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Clinical Investigations: TECHNIQUES |

Hepatopulmonary Syndrome*: A Prospective Study of Relationships Between Severity of Liver Disease, Pao2 Response to 100% Oxygen, and Brain Uptake After 99mTc MAA Lung Scanning

Michael J. Krowka, MD, FCCP; Gregory A. Wiseman, MD; Omer L. Burnett, MD; James R. Spivey, MD; Terry Therneau, PhD; Michael K. Porayko, MD; Russell H. Wiesner, MD
Author and Funding Information

*From the Divisions of Pulmonary and Critical Care (Dr. Krowka) and Gastroenterology and Hepatology (Drs. Krowka, Parayko, and Wiesner), and the Departments of Diagnostic Radiology (Dr. Wiseman) and Health Sciences Research (Dr. Therneau), Mayo Clinic, Rochester, MN, and the Department of Diagnostic Radiology (Dr. Burnett) and the Division of Gastroenterology (Dr. Spivey), Mayo Clinic, Jacksonville, FL.

Correspondence to: Michael J. Krowka, MD, FCCP, Mayo Clinic, 200 1st St SW, Rochester, MN; e-mail: krowka@mayo.edu



Chest. 2000;118(3):615-624. doi:10.1378/chest.118.3.615
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Background: Because of the spectrum of intrapulmonary vascular dilation that characterizes hepatopulmonary syndrome (HPS), Pao2 while breathing 100% oxygen varies. Abnormal extrapulmonary uptake of 99mTc macroaggregated albumin (MAA) after lung perfusion is common.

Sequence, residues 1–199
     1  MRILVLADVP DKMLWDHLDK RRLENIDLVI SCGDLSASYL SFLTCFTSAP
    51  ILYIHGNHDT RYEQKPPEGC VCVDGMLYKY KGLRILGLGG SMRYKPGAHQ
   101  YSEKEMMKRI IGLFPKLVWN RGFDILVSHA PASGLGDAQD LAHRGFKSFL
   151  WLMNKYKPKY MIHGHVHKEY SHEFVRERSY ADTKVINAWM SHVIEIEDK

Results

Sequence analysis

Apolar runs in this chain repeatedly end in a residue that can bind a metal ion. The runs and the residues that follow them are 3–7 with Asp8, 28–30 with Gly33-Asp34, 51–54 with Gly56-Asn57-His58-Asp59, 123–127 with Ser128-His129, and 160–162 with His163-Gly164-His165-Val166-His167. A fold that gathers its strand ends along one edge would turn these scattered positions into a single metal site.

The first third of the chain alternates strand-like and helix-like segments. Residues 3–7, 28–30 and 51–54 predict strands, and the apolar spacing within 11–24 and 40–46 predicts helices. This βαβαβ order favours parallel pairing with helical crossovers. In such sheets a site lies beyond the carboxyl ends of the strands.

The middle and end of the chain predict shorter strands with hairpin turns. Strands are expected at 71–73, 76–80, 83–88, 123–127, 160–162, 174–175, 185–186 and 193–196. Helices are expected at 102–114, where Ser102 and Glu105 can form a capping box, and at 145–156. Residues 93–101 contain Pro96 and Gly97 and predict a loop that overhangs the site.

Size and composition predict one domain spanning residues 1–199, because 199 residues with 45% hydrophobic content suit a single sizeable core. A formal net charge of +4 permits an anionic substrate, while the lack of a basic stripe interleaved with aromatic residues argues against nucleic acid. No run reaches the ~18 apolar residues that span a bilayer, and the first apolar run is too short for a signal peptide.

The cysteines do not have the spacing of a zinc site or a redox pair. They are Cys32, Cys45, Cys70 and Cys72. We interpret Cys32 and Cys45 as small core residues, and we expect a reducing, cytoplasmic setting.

Goal: To describe relationships between (1) severity of liver disease measured by the Child-Pugh (CP) classification; (2) Pao2 while breathing room air (RA) and 100% oxygen on 100% oxygen; and (3) extrapulmonary (brain) uptake of 99mTc MAA after lung scanning.

Methods and patients: We prospectively measured Pao2 on RA, Pao2 on 100% oxygen, and brain uptake after lung perfusion of 99mTc MAA in 25 consecutive HPS patients.

Results: Mean Pao2 on RA, Pao2 on 100% oxygen, Paco2 on RA, and 99mTc MAA brain uptake were similar when categorized by CP classification. Brain uptake was abnormal (≥ 6%) in 24 patients (96%). Brain uptake was 29 ± 20% (mean ± SD) and correlated inversely with Pao2 on RA (r = −0.57; p < 0.05) and Pao2 on 100% oxygen (r = −0.41; p < 0.05). Seven patients (28%) had additional nonvascular pulmonary abnormalities and lower Pao2 on 100% oxygen (215 ± 133 mm Hg vs 391 ± 137 mm Hg; p < 0.007). Eight patients (32%) died. Mortality in patients without coexistent pulmonary abnormalities was associated with greater brain uptake of 99mTc MAA (48 ± 18% vs 25 ± 20%; p < 0.04) and lower Pao2 on RA (40 ± 7 mm Hg vs 57 ± 11 mm Hg; p < 0.001).

Conclusion: The degree of hypoxemia associated with HPS was not related to the CP severity of liver disease. HPS patients with additional nonvascular pulmonary abnormalities exhibited lower Pao2 on 100% oxygen. Mortality was associated with lower Pao2 on RA, and with greater brain uptake of 99mTc MAA.

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